I knew I was in trouble when a publicist called, long in advance.
Tommy Lee Jones was willing to talk about his work directing and starring in a film of Cormac McCarthy's two-man play, The Sunset Limited, for HBO. And friendly as the folks from the channel were about scheduling our meetup, they also made it obvious: He will eat you alive if you're not well prepared.
Let me say here that The Sunset Limited was an engaging, if a bit overlong, work for me. Frankly, I'd watch Jones and Samuel L. Jackson re-create scenes from a SpongeBob script. But McCarthy gives them a wonderful premise: Jackson is Black, a born-again ex-con trying to save Jones' White, a college professor who tried to commit suicide by throwing himself in front of a certain train in the title.
You start the play, which takes place fully in Black's apartment, wondering if this story is about White's redemption. You may leave it wondering if the story isn't about Black's faith, and what happens when it meets White's boundless despair.
But Jones wasn't in the mood to help with any analysis. Here's a heavily edited version of our conversation:
What's the ultimate message of this film?
Oh, I don't know. I think the question is much more important than the answer. … It's an argument meant to shed light, provoke thought. I don't know that we have a message. You know, we have some pretty good questions.
Samuel L. Jackson seems one of the few actors who could hold the screen with you.
I never thought of anyone else. It requires someone who could convince you that he's familiar with both Harlem and southeast Louisiana. … When you think about those things, Sam is the first fellow that comes to mind.
Is it more of a challenge to direct a film that's this intimate?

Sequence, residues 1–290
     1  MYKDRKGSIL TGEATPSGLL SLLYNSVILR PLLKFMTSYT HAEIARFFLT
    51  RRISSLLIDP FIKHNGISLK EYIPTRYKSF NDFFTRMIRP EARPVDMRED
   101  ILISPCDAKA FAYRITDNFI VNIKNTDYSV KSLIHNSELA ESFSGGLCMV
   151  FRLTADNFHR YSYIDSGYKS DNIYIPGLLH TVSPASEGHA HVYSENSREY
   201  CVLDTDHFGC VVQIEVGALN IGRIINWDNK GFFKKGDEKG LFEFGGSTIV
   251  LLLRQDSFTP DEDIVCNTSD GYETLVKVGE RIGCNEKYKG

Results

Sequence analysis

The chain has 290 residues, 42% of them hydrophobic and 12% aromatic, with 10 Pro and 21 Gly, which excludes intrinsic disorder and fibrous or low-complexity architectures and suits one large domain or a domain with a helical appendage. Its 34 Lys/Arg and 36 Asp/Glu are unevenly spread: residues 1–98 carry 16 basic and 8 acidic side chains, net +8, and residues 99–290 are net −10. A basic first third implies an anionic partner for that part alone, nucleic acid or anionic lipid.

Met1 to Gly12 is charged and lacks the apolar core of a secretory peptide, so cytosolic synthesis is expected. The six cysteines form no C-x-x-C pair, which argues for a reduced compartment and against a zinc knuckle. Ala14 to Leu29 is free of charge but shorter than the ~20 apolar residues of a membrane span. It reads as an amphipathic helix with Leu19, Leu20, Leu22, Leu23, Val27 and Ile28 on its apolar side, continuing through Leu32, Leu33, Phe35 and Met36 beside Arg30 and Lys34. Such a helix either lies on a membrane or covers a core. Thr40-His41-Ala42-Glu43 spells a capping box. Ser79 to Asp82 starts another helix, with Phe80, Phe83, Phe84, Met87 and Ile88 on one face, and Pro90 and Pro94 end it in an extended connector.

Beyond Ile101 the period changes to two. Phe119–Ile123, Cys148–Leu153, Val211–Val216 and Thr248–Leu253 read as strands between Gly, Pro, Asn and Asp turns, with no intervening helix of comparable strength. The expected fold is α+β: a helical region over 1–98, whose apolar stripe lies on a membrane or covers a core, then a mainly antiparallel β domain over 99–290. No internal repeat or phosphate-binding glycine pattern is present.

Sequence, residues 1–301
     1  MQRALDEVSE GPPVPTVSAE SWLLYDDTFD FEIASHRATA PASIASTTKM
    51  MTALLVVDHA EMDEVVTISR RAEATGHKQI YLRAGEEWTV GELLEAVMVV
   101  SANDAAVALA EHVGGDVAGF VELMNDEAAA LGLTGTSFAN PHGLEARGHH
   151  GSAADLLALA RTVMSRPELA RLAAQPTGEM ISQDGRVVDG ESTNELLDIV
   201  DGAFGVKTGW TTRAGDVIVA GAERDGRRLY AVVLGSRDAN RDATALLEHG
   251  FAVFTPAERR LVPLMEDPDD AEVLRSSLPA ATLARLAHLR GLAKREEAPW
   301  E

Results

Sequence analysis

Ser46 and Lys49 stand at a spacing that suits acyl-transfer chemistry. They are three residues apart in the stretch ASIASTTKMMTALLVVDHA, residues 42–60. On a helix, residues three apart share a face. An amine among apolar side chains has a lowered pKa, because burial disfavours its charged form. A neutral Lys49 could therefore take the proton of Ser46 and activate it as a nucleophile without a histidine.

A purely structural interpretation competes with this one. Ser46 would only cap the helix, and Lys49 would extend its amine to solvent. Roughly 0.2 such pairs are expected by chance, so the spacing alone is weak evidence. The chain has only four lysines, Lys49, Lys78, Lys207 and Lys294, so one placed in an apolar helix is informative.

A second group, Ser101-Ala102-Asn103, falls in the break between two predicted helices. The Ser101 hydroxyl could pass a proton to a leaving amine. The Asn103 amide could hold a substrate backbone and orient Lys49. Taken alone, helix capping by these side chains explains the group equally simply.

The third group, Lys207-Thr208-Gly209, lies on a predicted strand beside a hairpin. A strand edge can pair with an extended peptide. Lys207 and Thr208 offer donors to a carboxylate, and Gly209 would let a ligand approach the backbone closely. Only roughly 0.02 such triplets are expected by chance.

Oh, I don't know anything about degrees of difficulty, and the concept of challenges is mysterious to me.
So you didn't see this as a particular challenge because it's the two of you in a room for 90 minutes?
Challenge is not a word that I … you use in regard … I don't know what the hell you're talking about (laughs).
What, for you, were the most important questions dealt with here?
The most important question in American cinema, I've learned, is 'When is lunch?' "
How did you work with Cormac?
The first thing we did on the first day was sit down together and read through the play. Then we did it again in the afternoon and asked Cormac to join us. For the next week or 10 days, (we) worked (with a script supervisor) in a sound stage alone with this set indicated by tape on the floors and improvised articles of furniture, and built the play. The play is, in effect, only one scene but I divided it into 52 pieces that could be worked on individually and then welded together.
Is this a dark play?
It really invites us to think about the meaning of faith. I'm reminded of Flannery O'Connor and her definition of faith, which was, 'Faith is that which you know to be true, whether you believe it or not.' And I don't … personally, I don't conclude that Black's faith is shaken.